Posted by Kurt Kummer, a resident of the Highland Oaks neighborhood, on Jan 5, 2008 at 3:08 pm
The Parks and Recreation Commission will discuss dogs off-leash in Pleasanton's parks and trails at the meeting this coming Thursday. The public is always welcome at the meetings, which will be at Council chambers Thursday Jan. 10, at 7:00 pm
Posted by springlyn, a resident of the Vintage Hills Elementary School neighborhood, on Jan 6, 2008 at 10:11 pm
People don't follow the law, I was once standing in front of my driveway with my 1 year old daughter walking towards our house and then two big dogs ran to us unleashed. My 1 year old daughter was in shock and cried. She was standing and I had to pick her up right away. Please watch your dogs!!!!!!!!
Posted by Anonymous, a resident of the Birdland neighborhood, on Jan 7, 2008 at 6:29 am
I leash my dogs more for their protection than the protection of others. The leash can be used to ward off other aggressive dogs and is a very good way of discouraging stupid humans (including children) from petting your dog even when you've asked that they not do so.
As Officer Fickens has been noted as saying, "In my 35 years of doing this, it's never the dogs that are the problem and always the humans."
Posted by Anonymous, a resident of the Birdland neighborhood, on Jan 9, 2008 at 5:48 am
I've spoken personally with Officer Fickens about his quote. He means that the MANY issues he and Officer Rush are involved in stem from human beings and irresponsibility. The leash law is just one example!
As for the 2 year old -- didn't see the story. However, did this child know the dog? If not, she should never have approached it. And -- WHERE WERE HER PARENTS?
Posted by Stacey, a resident of the Amberwood/Wood Meadows neighborhood, on Jan 9, 2008 at 8:29 am
I understand the thought. It is the same reason why people put their toddlers on a leash, for the protection of the toddler. In this case, I think it is safe to say that leash laws were not invented for the benefit of the dog.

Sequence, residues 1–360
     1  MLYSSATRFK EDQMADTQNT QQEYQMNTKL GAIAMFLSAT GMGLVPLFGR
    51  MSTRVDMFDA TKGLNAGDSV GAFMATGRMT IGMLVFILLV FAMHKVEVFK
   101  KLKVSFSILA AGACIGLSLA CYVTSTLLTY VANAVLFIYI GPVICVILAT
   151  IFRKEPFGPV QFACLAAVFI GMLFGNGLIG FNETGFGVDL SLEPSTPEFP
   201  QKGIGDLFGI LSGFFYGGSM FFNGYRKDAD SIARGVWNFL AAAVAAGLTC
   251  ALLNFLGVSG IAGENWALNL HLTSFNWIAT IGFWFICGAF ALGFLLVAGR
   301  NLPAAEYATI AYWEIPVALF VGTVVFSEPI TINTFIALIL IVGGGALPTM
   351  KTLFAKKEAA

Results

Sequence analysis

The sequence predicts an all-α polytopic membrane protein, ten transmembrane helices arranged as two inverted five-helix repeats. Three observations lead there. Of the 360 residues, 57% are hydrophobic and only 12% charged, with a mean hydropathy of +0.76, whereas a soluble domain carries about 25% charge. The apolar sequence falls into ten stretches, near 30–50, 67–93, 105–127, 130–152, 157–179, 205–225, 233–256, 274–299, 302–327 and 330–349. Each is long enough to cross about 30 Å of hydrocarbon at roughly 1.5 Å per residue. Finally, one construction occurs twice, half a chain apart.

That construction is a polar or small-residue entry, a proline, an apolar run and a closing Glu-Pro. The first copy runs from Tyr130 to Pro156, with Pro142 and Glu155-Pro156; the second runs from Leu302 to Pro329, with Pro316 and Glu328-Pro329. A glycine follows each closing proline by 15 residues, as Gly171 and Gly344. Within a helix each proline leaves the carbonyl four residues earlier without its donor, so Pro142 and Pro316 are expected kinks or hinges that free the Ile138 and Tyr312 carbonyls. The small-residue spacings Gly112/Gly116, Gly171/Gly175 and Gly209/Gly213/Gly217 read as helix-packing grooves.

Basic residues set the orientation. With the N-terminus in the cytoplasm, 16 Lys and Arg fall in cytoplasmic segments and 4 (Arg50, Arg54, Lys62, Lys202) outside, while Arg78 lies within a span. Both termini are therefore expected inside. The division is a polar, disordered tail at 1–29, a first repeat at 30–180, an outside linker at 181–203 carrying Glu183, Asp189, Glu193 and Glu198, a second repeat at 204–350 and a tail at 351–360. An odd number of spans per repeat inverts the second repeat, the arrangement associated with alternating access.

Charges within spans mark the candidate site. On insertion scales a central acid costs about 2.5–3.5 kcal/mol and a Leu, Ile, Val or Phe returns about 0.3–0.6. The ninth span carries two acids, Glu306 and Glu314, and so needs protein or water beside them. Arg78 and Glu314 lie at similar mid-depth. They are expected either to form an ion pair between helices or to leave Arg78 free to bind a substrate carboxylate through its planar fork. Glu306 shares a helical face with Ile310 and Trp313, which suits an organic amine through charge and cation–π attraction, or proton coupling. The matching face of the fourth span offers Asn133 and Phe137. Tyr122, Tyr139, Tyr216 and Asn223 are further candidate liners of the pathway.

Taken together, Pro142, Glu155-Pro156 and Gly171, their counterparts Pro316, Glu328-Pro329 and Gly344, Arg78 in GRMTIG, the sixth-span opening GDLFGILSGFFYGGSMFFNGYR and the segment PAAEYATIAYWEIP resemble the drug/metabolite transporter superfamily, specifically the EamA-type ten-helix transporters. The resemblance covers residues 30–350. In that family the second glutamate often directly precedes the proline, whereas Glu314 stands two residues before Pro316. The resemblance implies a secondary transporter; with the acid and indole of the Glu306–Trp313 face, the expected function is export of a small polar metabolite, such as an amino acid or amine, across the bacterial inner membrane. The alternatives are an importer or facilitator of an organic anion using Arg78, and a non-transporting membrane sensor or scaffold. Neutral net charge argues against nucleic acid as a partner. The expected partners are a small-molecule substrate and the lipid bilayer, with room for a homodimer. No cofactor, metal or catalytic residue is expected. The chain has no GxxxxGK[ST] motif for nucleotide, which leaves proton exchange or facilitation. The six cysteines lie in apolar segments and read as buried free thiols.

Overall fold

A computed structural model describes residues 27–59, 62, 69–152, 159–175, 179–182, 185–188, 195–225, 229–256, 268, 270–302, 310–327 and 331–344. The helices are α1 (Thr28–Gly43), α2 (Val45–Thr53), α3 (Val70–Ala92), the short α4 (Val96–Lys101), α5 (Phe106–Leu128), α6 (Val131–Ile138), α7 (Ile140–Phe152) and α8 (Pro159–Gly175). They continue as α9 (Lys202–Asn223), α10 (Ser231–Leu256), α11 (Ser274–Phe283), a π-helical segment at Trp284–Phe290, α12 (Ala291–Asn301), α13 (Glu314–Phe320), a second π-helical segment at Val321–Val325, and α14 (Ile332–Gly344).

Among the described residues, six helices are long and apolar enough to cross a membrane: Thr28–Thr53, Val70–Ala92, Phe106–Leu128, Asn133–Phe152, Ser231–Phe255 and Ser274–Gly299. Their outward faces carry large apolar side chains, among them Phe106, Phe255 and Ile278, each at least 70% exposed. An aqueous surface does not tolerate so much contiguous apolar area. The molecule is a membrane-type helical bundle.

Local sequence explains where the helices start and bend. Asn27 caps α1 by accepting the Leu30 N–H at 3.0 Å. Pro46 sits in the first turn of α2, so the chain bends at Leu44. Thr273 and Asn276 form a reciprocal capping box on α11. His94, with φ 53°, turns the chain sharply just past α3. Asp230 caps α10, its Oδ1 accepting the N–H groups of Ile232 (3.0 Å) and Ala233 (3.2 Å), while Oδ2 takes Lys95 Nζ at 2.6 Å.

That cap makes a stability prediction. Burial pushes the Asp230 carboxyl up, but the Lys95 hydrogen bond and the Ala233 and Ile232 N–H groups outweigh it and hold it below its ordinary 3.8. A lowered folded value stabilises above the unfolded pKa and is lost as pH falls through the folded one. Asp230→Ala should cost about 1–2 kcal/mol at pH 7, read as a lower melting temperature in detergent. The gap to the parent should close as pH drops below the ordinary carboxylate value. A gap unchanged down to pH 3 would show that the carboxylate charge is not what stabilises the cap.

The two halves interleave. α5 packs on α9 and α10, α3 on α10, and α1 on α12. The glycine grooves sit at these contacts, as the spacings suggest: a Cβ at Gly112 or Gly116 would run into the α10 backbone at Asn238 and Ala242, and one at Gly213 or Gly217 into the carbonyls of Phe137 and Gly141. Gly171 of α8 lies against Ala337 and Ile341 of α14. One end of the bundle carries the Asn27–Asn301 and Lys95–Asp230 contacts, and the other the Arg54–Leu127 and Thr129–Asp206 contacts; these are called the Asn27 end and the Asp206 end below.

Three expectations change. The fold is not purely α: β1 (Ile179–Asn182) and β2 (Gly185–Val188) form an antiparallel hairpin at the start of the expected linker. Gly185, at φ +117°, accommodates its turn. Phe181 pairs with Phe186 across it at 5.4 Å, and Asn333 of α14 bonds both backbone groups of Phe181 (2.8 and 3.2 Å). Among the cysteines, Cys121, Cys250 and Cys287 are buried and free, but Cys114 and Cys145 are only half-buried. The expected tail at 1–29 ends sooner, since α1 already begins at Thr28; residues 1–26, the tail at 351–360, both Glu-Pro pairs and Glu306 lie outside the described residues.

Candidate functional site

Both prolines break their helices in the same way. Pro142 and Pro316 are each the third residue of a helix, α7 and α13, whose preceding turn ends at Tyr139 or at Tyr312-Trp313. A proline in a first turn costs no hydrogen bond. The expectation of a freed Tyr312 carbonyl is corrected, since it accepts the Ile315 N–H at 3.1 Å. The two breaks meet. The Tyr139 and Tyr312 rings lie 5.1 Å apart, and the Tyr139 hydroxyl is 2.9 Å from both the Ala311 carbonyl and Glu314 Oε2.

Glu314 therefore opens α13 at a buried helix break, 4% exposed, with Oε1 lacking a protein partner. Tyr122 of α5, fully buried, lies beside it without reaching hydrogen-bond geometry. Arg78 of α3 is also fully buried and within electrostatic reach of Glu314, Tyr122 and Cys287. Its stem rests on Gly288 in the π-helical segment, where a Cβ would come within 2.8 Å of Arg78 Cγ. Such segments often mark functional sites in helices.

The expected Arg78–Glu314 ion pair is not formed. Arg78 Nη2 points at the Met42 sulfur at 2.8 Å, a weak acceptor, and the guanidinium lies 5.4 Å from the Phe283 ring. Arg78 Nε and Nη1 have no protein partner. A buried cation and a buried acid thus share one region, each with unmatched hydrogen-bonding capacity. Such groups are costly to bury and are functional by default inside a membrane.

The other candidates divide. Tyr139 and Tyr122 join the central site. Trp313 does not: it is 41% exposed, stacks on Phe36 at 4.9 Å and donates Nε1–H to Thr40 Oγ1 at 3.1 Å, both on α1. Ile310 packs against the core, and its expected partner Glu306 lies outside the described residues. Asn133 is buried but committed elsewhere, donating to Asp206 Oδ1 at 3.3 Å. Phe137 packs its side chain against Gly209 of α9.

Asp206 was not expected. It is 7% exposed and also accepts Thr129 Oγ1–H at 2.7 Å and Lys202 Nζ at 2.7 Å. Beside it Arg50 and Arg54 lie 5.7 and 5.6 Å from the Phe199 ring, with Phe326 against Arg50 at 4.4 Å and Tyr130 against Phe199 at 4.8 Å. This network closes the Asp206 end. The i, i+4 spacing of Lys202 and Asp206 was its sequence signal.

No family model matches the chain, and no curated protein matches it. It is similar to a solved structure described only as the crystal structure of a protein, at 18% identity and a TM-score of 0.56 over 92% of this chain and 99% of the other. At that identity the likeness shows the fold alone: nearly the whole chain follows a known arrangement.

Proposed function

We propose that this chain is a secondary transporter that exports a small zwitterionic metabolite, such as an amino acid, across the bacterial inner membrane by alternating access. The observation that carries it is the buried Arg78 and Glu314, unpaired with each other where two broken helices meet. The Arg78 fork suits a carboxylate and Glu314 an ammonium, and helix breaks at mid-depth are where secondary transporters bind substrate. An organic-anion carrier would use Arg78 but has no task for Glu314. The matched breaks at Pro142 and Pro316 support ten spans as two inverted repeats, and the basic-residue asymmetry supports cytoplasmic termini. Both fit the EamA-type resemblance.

Posted by Anonymous, a resident of the Birdland neighborhood, on Jan 9, 2008 at 9:47 am
Stacey -- Thank you for the link. I find this comment in the article interesting:
"While the investigation into Sunday's attack is ongoing, Van Wassenhove said that in cases where dogs are present at family gatherings, small children sometimes are viewed as "threatening their territories."
"That is the most likely scenario," Van Wassenhove said. "We don't expect a 20-month-old child to provoke a dog."
Bottom line -- if there was a great deal of churn going on in the house -- people coming and going -- the dog should have been crated for EVERYONE'S safety.
Posted by anaonymous, a resident of the Ruby Hill neighborhood, on Jun 10, 2008 at 12:09 pm
Oh yeah, that's so intelligent... but typical to blame the parents and lable them "lax and lazy" if a child has a disability such as autism, aspergers, bipolar, or any other chemical imbalance or disorder of cognition that prevents them from recognizing common safety measures implemented and enforced by their RESPONSIBLE parents... yeah lets not take genetics into consideration at all when a child is not behaving as expected or as "normally" as other children.
How is it a parent's fault that their child was born with some sort of disorder?
Judgemental people... this type of ignorance only breeds more problems for society. Some dogs and other animals get better treatment and protection than some humans do especially those with mental illness or behavioral issues, and that abuse and blatant disregard is very "anti-human" and disgusts me!
Oh an to the editor, the word is anonymous, "anaonymous".
Posted by Careful DogWalker, a resident of another community, on Oct 31, 2008 at 4:44 pm
Ticketing unleashed dogs can be a good business for a city with an overstaffed and under-productive police department. Newport Beach in Southern California is an example. Animal Control cover school yards and public parks. However, the fully-commissioned and highly paid police officers spend sunset evenings patrolling the Corona del Mar viewpoint knolls above the Pacific Ocean. These knolls have greater revenue potential for the Newport Beach Police Department (NBPD)to score a double play of unleashed dog and evening cocktail, better known as PB which stands for pooch-n-beverage. But dogs have the unique sense for retaining security intelligence. In time, the dogs will be able to sniff a NBPD officer before they can approach the knolls. The NBPD will have to find other more worthwhile services to do, or else reduce the bloated staff during California's budget cuts.